Hewlett-Packard said Wednesday that it will include postage-paid envelopes with some of its inkjet printer cartridges, in an attempt to spur recycling.
The envelopes will be enclosed with new HP 56 and 57 inkjet print cartridge boxes starting next month. Until now, the in-box postage-paid return option was available only for LaserJet cartridges, though inkjet customers request postage-paid shipping materials through a recycling page on the company's Web site.
Computer makers have been trying to increase recycling of PCs, printers and other products, in response to regulatory pressures and campaigns by groups such as the Silicon Valley Toxics Coalition.
HP launched its recycling program for cartridges in 1991. Since then, the company says, more than 64 million inkjet and LaserJet cartridges have been recycled into raw materials for use in new consumer products.
Now, the hardware maker is investigating whether some recycled material can be used in the making of its own products. HP has experimented with a Scanjet scanner component made from a combination of recycled inkjet cartridge plastic and recycled plastic bottles, for example.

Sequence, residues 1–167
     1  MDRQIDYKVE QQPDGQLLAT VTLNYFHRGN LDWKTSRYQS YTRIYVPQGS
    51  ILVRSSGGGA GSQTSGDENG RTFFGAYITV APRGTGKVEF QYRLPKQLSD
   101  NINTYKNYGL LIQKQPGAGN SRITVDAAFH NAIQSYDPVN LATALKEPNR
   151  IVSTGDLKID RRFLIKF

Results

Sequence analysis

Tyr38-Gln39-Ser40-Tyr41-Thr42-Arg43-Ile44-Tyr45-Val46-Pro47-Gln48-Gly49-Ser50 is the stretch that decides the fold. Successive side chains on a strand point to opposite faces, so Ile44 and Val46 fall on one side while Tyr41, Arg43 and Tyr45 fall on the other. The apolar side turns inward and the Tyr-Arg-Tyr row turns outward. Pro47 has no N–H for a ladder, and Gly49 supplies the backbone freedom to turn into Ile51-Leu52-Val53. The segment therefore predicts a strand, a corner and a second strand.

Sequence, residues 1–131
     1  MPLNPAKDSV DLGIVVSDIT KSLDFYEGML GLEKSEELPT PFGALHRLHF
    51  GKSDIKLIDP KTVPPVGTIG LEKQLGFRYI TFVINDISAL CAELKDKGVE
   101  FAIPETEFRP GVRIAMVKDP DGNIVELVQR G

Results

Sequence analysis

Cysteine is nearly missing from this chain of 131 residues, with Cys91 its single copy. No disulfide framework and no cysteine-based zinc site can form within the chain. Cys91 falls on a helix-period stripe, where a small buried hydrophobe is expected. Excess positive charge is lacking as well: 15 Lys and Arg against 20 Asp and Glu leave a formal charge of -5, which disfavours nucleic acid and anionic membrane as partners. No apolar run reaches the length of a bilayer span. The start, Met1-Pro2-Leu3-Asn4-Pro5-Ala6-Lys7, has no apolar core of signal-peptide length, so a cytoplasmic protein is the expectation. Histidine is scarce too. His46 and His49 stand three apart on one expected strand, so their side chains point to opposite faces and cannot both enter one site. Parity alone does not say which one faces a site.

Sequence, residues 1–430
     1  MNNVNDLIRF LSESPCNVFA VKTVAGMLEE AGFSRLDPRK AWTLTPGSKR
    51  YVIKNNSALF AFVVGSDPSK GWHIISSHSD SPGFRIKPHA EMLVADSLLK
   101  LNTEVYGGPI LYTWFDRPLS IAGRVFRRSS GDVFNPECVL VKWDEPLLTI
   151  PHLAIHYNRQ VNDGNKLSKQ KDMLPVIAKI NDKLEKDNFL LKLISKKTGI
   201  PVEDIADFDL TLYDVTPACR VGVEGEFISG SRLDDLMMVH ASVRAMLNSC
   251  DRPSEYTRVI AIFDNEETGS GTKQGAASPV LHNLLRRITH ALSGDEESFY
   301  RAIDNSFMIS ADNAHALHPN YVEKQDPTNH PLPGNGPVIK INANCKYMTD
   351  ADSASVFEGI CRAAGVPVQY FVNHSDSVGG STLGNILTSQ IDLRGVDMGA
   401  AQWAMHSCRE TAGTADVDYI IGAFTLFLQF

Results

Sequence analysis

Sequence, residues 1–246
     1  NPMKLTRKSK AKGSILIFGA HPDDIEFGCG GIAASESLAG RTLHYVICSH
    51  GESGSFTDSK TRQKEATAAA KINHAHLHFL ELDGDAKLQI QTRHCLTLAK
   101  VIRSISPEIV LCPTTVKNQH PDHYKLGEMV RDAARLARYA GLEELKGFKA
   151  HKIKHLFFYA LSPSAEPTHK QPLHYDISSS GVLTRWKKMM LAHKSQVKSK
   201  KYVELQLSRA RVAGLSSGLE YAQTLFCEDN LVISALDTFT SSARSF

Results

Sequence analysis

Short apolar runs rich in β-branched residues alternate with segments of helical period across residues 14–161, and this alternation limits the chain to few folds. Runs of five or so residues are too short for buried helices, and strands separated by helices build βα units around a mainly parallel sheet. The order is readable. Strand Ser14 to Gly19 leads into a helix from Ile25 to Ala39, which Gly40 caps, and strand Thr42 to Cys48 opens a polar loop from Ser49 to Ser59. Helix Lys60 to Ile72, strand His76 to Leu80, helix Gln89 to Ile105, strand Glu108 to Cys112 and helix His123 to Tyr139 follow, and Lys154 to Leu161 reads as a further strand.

"We will provide leadership on the journey to an environmentally sustainable future, with environmentally sound products and creative recycling systems," Pradeep Jotwani, senior vice president at HP's Imaging and Printing Group, said in a statement.
Separately, computer maker Dell announced on Wednesday that it will fund universities, communities and nonprofit groups to organize programs in 2004 that both teach people about recycling and collect computer gear for recycling. The objective of these grants, totaling $120,000, will be to raise awareness regarding the life cycles of computer products so that reusable and recyclable gear does not reach landfills.